If the cancer is resistant to chemo or has spread to many organs, the usual doses of chemo may not always be enough. Sometimes the doctor might recommend high-dose chemo followed by a stem cell transplant. Patients might also want to consider enrolling in a clinical trial of newer chemo regimens.

Recurrent germ cell tumors

If the cancer goes away with treatment and then comes back, it is said to have recurred or relapsed. If this happens, it’s usually within the first 2 years after treatment. In general, if the cancer recurs, it’s probably best to get a second opinion from a center with extensive experience in treating relapsed testicular cancer before starting treatment.

Treatment of recurrent germ cell tumors depends on the initial treatment and where the cancer recurs. Cancer that comes back in the retroperitoneal lymph nodes can be treated by surgery to remove the nodes (RPLND) if the recurrence is small and if the only surgical treatment given before was orchiectomy. Depending on the results of the surgery, chemo may be recommended as well.

If it looks as if cancer has recurred in a lot of the retroperitoneal lymph nodes or if the cancer has returned elsewhere, chemo is usually recommended. This may be followed by surgery.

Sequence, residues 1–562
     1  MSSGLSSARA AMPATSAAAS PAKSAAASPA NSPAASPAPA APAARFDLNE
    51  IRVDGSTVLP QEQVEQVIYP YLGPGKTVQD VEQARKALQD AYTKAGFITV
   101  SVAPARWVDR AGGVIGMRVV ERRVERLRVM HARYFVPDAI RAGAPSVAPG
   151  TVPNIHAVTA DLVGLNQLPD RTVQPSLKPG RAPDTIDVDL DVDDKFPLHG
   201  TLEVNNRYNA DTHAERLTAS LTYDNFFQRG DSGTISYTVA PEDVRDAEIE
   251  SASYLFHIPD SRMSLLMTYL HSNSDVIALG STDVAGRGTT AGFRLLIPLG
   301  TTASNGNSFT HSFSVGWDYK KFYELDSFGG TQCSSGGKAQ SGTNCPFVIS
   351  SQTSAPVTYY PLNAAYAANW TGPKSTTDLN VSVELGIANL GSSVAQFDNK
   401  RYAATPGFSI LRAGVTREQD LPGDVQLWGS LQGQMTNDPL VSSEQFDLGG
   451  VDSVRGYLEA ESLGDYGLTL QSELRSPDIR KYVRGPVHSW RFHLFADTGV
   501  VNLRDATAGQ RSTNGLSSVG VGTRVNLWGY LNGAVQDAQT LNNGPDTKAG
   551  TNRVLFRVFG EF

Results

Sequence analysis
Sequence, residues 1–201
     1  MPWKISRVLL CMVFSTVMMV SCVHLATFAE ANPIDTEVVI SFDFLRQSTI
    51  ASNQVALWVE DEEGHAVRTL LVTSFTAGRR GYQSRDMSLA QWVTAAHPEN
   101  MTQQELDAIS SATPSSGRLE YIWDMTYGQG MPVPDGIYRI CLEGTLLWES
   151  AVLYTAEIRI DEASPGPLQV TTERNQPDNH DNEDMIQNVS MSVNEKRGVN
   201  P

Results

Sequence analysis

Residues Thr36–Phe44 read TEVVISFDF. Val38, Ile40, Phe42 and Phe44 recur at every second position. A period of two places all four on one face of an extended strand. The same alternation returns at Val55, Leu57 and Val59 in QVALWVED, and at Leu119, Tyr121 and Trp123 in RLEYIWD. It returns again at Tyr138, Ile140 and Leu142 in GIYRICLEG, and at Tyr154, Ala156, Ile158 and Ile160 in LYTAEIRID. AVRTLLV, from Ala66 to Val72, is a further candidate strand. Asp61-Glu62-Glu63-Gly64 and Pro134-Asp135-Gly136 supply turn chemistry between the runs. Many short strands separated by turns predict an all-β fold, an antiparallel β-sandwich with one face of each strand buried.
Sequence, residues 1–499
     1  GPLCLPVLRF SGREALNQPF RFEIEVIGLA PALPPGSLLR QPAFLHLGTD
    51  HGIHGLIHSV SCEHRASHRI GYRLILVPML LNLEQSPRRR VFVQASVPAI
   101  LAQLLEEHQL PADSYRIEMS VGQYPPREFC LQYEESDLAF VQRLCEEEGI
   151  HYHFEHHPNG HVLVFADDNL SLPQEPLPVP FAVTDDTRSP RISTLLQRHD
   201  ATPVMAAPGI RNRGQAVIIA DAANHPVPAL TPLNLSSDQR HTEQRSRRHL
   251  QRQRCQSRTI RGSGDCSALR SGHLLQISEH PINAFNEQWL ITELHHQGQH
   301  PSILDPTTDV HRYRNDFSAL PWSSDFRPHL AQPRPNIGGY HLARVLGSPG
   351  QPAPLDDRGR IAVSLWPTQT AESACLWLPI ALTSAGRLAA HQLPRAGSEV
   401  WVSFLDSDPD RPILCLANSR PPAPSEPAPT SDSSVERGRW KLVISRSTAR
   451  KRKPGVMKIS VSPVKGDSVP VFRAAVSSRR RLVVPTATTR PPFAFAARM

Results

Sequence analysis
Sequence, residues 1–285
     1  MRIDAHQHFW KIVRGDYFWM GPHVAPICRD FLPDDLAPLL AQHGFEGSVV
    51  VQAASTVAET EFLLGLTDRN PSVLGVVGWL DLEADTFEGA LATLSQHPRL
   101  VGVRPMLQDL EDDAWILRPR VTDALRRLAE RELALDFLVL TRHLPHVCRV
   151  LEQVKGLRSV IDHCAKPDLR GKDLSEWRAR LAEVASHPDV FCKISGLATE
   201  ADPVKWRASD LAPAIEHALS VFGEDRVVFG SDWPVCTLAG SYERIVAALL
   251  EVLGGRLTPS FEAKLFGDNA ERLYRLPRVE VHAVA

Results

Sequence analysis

If a man’s cancer recurs after chemo or if treatment is no longer working, he will be treated with a different chemo regimen, which typically includes ifosfamide, cisplatin, and either etoposide, paclitaxel, or vinblastine.

The treatment of testicular cancer that has come back after chemo is not always as effective as doctors would like, so some doctors may advise high-dose chemo followed by a stem cell transplant. This may be a better option for some men with recurrent disease, rather than standard chemo. (See the section “High-dose chemotherapy and stem cell transplant for testicular cancer” for more information.) Clinical trials of newer treatments can also be considered.

Sertoli cell and Leydig cell tumors

Typically, radical inguinal orchiectomy is the treatment for Sertoli cell and Leydig cell tumors. Radiation therapy and chemo are generally not effective in these rare types of testicular tumors. If the doctor suspects the tumor has spread beyond the testicle, the retroperitoneal lymph nodes may be surgically removed.

Last Medical Review: 11/01/2013
Last Revised: 02/11/2014